02-04-2011 11:56 AM
vega1860
Quote:
Originally Posted by paul323 View Post
Latitude 38 is the best place to start. There are fewer and fewer livaboard marinas in the bay, and with the housing prices the way they are a lot of demand. Sausalito used to have quite a few, but many were cleared out.

Call Around - in the South Bay Redwood City have a limited number of slips available, as does Pete's Harbor. Most of the harbor masters seem to have time to chat, and may give you some ideas.
We are in the South Bay now, have talked to Giorgio at Pete's Harbor, Ian at Bair Island, the Redwood City Harbor Master, Paul at Docktown and Mark at Westpoint. Only Docktown admitted to having slips for permanent live aboards. We were able to secure moorage only because we are bona fide transients. Westpoint is adding slips right now and, as a result will have a few more live aboard moorings available soon but this is a very expensive, brand new marina - first class in every way and worth the price IMO - but pricey. Mark Sanford, the Harbor Master is very choosy about whom he lets in and the rules are strict. Westpoint is the polar opposite of Docktown. More like a huge Yacht Club. When we tell people where we are moored they are astonished and usually ask how we got in here. Mark turns a lot of people away.

Docktown, on the other hand, has a certain...charm; if you do not mind the trailer park and the work-furlough program and sherrif's station next door; and of course having your keel in the mud except at high tide. I have to say, though, that the folks at Docktown seem a friendly bunch. They have their own, very egalitarian, yacht club and Paul, the Harbor Master seems a nice sort. When I spoke with him a few weeks ago they had LA slips available.
02-03-2011 10:32 PM
paul323 Latitude 38 is the best place to start. There are fewer and fewer livaboard marinas in the bay, and with the housing prices the way they are a lot of demand. Sausalito used to have quite a few, but many were cleared out.

Call Around - in the South Bay Redwood City have a limited number of slips available, as does Pete's Harbor. Most of the harbor masters seem to have time to chat, and may give you some ideas.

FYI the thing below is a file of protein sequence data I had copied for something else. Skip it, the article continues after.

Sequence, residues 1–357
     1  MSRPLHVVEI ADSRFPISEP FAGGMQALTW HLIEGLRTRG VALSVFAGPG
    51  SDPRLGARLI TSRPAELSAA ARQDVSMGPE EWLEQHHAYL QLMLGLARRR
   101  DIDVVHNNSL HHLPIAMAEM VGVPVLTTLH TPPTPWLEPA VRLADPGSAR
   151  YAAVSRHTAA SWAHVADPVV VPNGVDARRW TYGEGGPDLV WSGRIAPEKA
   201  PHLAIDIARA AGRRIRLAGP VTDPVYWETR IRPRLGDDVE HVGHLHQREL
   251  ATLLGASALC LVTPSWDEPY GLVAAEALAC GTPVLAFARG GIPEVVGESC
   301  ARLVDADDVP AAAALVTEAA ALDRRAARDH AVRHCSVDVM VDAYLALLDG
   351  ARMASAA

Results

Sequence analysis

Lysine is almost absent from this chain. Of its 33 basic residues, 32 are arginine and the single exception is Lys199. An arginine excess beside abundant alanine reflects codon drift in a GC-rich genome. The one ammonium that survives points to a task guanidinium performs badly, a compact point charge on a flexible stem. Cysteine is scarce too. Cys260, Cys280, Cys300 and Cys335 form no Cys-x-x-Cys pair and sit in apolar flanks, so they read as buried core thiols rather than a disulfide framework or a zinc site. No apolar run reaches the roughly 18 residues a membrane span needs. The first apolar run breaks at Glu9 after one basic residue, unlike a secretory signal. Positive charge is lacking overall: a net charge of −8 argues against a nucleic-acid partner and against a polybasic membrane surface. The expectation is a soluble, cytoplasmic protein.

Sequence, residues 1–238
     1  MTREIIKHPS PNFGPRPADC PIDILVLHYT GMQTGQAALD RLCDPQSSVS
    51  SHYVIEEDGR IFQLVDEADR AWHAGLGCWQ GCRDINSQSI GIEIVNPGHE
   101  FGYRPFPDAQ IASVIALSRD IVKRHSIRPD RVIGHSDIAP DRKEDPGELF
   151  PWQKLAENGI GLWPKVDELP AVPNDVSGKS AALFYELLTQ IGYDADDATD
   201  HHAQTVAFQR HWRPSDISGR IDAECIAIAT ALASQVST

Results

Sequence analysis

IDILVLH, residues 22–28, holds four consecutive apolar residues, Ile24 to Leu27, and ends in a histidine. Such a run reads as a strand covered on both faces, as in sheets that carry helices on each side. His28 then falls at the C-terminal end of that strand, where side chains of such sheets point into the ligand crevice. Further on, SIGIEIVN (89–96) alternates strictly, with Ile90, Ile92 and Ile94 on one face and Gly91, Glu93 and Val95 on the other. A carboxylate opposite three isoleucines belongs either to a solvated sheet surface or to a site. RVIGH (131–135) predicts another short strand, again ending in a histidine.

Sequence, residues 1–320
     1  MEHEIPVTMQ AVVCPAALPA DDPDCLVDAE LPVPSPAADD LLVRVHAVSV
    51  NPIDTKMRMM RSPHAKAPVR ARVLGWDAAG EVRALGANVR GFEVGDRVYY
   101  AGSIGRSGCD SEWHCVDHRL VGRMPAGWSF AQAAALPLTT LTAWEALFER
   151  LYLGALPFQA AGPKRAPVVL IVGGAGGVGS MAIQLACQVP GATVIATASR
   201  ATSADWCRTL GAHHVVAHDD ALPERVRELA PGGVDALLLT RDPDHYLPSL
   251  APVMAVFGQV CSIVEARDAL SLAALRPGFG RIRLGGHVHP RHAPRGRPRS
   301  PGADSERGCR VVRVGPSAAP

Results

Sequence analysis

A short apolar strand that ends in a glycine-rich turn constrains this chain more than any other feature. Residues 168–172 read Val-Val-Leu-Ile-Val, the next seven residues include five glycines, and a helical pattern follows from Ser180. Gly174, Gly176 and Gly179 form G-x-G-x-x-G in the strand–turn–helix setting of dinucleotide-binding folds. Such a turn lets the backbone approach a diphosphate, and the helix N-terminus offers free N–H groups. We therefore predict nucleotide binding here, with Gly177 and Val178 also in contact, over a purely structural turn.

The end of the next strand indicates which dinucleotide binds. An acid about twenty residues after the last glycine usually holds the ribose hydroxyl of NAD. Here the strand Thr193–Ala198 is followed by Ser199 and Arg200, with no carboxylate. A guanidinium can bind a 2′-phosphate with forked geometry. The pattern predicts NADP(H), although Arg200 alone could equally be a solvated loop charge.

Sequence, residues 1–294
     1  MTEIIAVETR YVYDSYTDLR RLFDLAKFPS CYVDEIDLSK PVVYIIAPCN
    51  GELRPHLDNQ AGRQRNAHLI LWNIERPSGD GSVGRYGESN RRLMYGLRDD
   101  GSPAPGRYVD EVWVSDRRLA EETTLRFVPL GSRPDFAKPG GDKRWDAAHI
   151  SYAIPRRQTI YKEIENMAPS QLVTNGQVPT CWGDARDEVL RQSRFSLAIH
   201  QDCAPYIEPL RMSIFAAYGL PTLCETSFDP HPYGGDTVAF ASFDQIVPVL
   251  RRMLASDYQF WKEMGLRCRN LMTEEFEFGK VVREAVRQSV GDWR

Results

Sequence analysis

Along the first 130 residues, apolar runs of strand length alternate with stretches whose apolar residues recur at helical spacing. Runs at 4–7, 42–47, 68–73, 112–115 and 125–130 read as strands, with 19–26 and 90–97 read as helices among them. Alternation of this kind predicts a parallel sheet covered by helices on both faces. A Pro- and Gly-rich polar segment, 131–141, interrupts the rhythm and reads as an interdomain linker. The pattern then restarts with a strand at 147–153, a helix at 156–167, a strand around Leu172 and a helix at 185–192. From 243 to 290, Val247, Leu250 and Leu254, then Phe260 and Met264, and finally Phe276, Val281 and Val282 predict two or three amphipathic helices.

02-03-2011 10:28 PM
MarkN I do want to offer a different position on this - many boat owners who rarely use their boats do consider opportunities to have someone stay aboard to maintain the boat. Some even allow this for free. I can't tell you how many times through the years I've encountered this -

Of course marinas may not have space for another person living aboard, but you get the boat and the slip without having to buy anything at all. Until recently, a fellow nearby had lived on a boat for 4 or 5 years free, maintaining the boat, and had never seen the owner except for the very first day he moved aboard.

It's amazing what you can find if you post an ad on the local boards, the local cork board, etc. Opportunities really are out there.

Mark Nicholas
Living Aboard | The Essentials of Living Aboard a Boat by Mark Nicholas | Living Aboard.net
02-03-2011 03:51 PM
Johnqboater Thanks for the Lattitude 38 suggestion, it seems like most of their boats are priced higher than craigslist. I will check out Docktown, I can always move in and keep looking. Maybe I'll take the suggestion to buy boat but it would have to be owner financed, I'm sure that's a joy to find as well.
02-03-2011 03:36 PM
vega1860
Quote:
Originally Posted by sailingdog View Post
Most people don't rent boats as liveaboards. Doing so would require them to have commercial insurance, which is far more expensive than non-commercial insurance. Also, it would be far more profitable and cause less wear/tear on the boat to charter it than have someone liveaboard it.

Almost all liveaboards own the boat they live on. If you're not looking to buy a boat, you're probably not going to have much chance of living aboard one.
I dropped in on this thread because we are in the South Bay now. Our experience has been that it is difficult to find a live aboard berth even if you DO own your boat. While looking for a slip I ran into other folks in the same situation. In fact, every marina I went to but 1 stated flatly "No live aboard slips available" That one was Docktown.

Of course, we have found that there is always a move
02-03-2011 03:25 PM
mikehradecky
Quote:
Originally Posted by Johnqboater View Post
That makes good sense but I remember seeing lots of them only a year ago so I was wondering if I was just looking in the wrong place. It seems like the Sausalito area has the largest community of liveaboards/houseboats but I'm not seeing many ads. As far as insurance goes maybe they just don't report it that way (I'm only speculating).
You might want to check Latitude 38.